Hobbyist tend to use parallel communication for interfacing with an LCD and all the libraries are for a specific type of microcontroller (Arduino or AVR) or LCD.

But, for a design engineer, it is often necessary to design with a microcontroller with optimum performance (may be because of power optimization or processing power or some specific peripherals of interest). In that case, it surely takes a lot of engineering time to develop libraries to interface with the specific LCD of choice with the specific microcontroller, if not provided by the manufacturer. How do the professional embedded system engineers deal with with it?

Example: For my case, I planned to use the STM32L476 microcontroller. I found the New Haven LCD with an I²C interface quite intriguing for my design. New Haven does not provide libraries for STM32L476, but they have example code for some other microcontrollers. I have to take the risk going through the datasheet and the examples and build my own. Does a professional follow this or I am heading towards wrong direction?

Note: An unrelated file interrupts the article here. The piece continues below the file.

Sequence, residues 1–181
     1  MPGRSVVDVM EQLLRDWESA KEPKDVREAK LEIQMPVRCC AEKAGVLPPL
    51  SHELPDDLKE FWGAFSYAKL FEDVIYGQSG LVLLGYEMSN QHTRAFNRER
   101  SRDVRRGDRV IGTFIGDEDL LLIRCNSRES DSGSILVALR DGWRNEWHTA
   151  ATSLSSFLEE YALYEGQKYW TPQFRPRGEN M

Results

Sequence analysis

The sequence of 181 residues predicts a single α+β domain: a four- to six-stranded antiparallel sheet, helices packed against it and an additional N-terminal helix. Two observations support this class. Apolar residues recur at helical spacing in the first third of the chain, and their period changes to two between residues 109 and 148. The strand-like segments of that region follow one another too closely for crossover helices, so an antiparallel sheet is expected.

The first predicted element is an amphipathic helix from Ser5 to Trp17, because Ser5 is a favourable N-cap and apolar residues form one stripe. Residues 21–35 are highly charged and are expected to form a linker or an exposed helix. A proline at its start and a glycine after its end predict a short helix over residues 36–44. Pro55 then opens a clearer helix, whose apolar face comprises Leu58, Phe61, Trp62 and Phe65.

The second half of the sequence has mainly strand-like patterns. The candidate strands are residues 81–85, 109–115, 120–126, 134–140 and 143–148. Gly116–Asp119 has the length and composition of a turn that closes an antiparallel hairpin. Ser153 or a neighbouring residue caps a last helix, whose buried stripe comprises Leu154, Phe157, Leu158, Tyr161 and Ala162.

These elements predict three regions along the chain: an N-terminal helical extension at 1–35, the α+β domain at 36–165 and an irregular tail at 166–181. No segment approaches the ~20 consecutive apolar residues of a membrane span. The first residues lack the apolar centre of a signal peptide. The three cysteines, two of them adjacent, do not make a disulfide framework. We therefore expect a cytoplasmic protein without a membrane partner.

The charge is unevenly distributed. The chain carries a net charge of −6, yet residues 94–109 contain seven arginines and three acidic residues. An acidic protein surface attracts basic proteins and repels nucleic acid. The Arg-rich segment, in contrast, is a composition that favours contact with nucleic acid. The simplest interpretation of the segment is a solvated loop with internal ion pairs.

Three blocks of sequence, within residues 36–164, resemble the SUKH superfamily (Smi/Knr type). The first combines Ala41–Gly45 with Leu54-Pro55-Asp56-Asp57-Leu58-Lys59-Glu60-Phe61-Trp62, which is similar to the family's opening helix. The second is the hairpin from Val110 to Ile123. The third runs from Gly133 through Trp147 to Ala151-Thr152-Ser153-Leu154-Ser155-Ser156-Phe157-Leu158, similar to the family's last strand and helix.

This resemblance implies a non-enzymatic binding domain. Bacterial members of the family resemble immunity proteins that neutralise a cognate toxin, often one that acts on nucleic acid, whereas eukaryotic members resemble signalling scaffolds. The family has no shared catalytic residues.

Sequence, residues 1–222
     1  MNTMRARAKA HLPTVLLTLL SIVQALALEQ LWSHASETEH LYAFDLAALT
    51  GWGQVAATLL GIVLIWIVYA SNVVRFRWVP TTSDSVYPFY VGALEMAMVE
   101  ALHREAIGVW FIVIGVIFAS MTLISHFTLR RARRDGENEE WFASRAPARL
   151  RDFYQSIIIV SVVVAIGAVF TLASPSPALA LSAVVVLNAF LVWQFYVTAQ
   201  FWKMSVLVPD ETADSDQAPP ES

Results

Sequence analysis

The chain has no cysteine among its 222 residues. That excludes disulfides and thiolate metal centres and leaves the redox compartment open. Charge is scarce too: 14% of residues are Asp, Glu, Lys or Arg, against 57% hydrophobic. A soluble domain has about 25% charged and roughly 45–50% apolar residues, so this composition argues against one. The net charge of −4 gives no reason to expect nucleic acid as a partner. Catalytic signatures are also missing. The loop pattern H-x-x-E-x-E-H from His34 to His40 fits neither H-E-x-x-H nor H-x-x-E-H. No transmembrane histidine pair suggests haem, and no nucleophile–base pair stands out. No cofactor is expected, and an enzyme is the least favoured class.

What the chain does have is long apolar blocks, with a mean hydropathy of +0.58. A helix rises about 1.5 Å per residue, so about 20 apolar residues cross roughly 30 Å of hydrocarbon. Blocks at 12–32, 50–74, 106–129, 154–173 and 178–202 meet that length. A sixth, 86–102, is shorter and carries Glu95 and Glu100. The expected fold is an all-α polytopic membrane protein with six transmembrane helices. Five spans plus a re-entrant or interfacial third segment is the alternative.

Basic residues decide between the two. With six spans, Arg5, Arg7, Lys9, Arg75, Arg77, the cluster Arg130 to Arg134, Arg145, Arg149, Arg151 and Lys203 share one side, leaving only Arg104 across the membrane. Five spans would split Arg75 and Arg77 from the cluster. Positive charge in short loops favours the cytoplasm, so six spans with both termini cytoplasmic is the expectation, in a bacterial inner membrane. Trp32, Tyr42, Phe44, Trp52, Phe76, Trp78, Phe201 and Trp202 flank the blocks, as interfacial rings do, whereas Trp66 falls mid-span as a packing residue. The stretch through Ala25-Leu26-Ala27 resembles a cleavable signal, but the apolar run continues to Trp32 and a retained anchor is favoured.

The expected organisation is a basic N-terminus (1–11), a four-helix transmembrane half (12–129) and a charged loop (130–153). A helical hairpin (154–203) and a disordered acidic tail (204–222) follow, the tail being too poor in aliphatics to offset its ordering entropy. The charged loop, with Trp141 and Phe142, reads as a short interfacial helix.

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    \$\begingroup\$ Sorry mate but I think that you do not understand the basics. What is the difference between Arduino and AVR. Arduino is not micro!!!. "Hobbyist tend to use parallel communication for interfacing with LCD" where did you get it from? For larger displays parallel interface is the only choice and modern hardware has support for it (eg DMA2D, LCD interface in STM32 micros). \$\endgroup\$ – P__J__ Jun 15 '17 at 10:47